OK, enough teasing. What sleds really stood out this past March? The one that was most memorable was the new Indy 800 SP. The year before we were all high on the new Indy 600 SP, and this time around it was the new 800. Whomever at Polaris was responsible for the calibration of this beast gets a gold medal in our book. They knew what they were doing as it was the most dialed trail sled from Polaris in a very VERY long time. They nailed this one. As far as we are concerned you can not go wrong with an Indy 600 or 800 SP, they are both fun and agile trail sleds for the masses.
In reality, most every one of the Polaris sleds we tested was running exceptionally well. They were on their game. The latest RUSH models were at their best since introduction. The Switchback Assaults were dialed as well. The RMKs just plain work in the deep snow. They were ready for the test session.
Ski-Doo was really the same, every one of their sleds that we got time on was dialed. The one standout was the MX Z XRS, most impressive dominating machine through the rough, mostly due to the rMotion rear suspension. Any and all of their X-package models were near perfection. Then there were the new ACE 900 models, simply amazing in how well they ran, how smooth they were in both engine and suspension performance. These sleds, any of them, are going to impress you to no end. And there were the Freeride models, the stout versions of the Summit. We beat the crap out of the Freeride models and they loved it. We always talk about how good the rMotion rear is in the short tracks, but the Freerides have had a progressive rate rear suspension years before the rMotion came out. The way we can go hard through the rough just makes it all so much fun.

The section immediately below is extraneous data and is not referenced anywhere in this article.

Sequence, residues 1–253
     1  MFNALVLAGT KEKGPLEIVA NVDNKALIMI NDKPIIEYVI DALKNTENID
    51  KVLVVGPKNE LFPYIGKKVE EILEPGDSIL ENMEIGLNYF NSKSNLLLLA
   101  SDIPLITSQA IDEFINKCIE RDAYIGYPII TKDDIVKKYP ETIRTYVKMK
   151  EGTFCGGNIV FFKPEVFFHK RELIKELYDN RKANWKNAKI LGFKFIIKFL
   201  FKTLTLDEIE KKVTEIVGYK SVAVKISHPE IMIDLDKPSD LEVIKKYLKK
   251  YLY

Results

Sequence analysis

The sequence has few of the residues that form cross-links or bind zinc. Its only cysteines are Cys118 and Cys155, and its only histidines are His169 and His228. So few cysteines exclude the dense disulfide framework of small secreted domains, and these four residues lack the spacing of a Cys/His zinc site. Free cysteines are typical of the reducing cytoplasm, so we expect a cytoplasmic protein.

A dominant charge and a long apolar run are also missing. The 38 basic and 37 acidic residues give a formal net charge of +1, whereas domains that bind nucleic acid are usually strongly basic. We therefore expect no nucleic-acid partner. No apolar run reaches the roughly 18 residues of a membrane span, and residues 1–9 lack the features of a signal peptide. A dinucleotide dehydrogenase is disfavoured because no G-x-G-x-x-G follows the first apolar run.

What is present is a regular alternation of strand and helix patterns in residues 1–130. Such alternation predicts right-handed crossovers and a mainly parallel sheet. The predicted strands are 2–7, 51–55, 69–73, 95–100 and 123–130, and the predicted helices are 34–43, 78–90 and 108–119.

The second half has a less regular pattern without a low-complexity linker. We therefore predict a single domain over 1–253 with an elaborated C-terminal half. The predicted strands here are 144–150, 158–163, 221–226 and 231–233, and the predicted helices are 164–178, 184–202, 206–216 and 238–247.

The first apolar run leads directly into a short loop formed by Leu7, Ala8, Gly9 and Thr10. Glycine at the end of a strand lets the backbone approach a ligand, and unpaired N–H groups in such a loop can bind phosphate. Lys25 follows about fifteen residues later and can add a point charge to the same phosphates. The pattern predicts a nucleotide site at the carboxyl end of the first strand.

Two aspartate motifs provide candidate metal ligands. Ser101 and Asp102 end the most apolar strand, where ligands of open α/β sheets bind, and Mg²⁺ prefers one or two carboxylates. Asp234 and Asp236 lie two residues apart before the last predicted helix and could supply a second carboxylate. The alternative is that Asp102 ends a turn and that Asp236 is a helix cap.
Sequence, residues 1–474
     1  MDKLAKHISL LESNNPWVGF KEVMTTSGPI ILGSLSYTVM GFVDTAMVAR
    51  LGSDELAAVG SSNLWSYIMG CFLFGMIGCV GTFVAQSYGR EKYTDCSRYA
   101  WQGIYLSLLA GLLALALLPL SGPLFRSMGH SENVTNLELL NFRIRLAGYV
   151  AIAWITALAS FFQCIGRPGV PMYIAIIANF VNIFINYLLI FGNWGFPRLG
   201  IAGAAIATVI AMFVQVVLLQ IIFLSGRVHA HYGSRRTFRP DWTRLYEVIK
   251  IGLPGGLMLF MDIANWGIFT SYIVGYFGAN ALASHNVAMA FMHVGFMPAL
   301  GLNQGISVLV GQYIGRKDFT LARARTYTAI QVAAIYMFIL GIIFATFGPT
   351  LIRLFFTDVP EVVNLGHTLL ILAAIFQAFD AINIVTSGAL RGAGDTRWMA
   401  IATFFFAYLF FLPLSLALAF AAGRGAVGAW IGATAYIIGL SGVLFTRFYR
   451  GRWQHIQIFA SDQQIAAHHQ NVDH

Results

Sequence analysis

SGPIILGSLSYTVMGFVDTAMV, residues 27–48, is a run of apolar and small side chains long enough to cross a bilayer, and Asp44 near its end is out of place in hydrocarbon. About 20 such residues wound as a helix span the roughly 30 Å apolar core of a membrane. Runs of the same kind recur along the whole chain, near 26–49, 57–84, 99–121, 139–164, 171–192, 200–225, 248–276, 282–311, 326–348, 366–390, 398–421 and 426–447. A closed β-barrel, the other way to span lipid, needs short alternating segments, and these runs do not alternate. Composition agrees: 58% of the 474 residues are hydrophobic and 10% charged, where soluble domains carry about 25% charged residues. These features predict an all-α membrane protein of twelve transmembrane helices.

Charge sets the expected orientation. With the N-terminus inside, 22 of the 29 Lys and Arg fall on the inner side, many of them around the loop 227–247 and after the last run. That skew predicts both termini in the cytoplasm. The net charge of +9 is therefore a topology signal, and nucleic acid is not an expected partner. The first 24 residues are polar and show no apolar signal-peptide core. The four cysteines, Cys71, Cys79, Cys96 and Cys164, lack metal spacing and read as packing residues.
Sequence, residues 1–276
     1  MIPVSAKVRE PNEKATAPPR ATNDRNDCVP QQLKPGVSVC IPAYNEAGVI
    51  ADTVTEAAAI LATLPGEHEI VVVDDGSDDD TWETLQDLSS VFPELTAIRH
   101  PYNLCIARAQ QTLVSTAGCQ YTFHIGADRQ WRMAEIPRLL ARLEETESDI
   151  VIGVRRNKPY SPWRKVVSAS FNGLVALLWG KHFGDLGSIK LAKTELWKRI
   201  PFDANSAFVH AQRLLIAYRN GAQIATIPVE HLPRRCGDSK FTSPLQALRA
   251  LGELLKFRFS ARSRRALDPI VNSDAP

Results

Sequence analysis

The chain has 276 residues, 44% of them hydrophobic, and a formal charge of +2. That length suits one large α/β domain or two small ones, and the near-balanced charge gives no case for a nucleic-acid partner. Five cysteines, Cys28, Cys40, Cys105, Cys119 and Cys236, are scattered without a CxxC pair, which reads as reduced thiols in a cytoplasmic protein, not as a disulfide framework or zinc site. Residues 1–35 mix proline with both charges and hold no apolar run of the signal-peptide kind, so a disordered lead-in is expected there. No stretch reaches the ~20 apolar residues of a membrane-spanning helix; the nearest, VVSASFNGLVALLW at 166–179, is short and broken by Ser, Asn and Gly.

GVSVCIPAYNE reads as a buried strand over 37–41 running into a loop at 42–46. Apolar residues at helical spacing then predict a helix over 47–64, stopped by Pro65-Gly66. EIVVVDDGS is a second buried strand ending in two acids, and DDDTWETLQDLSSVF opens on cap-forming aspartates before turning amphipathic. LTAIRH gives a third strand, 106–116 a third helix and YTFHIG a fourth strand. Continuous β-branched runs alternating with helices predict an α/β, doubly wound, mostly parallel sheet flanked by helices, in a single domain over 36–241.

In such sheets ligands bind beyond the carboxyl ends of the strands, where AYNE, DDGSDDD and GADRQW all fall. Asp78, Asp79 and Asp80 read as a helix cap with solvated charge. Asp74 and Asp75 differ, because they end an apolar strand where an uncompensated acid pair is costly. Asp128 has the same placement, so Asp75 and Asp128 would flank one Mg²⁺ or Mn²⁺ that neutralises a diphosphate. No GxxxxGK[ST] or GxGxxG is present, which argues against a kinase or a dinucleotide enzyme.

In the Arctic Cat camp they were still getting their new 600 DSI engine sorted out, so we can’t give you glowing reports as to how it blew us away with how good it worked. It just wasn’t ready for a final evaluation, and while it ran good it was not the final cut so we have to reserve final judgment. What really stood out was the difference from their new seats for 2014, and the ride quality improvement from their new Slide Action 137” rear suspension package. And in what is likely the most improved for 2014 would be the M-series mountain sleds. Since coming on the Proclimb chassis in 2012 there have been major improvements in the behavior and performance of the Cat deep snow sleds, and some people might not give these machines their due. For 2014 they are outstanding deep snow machines, so you had better take notice. They have been doing some hard work here, and it shows.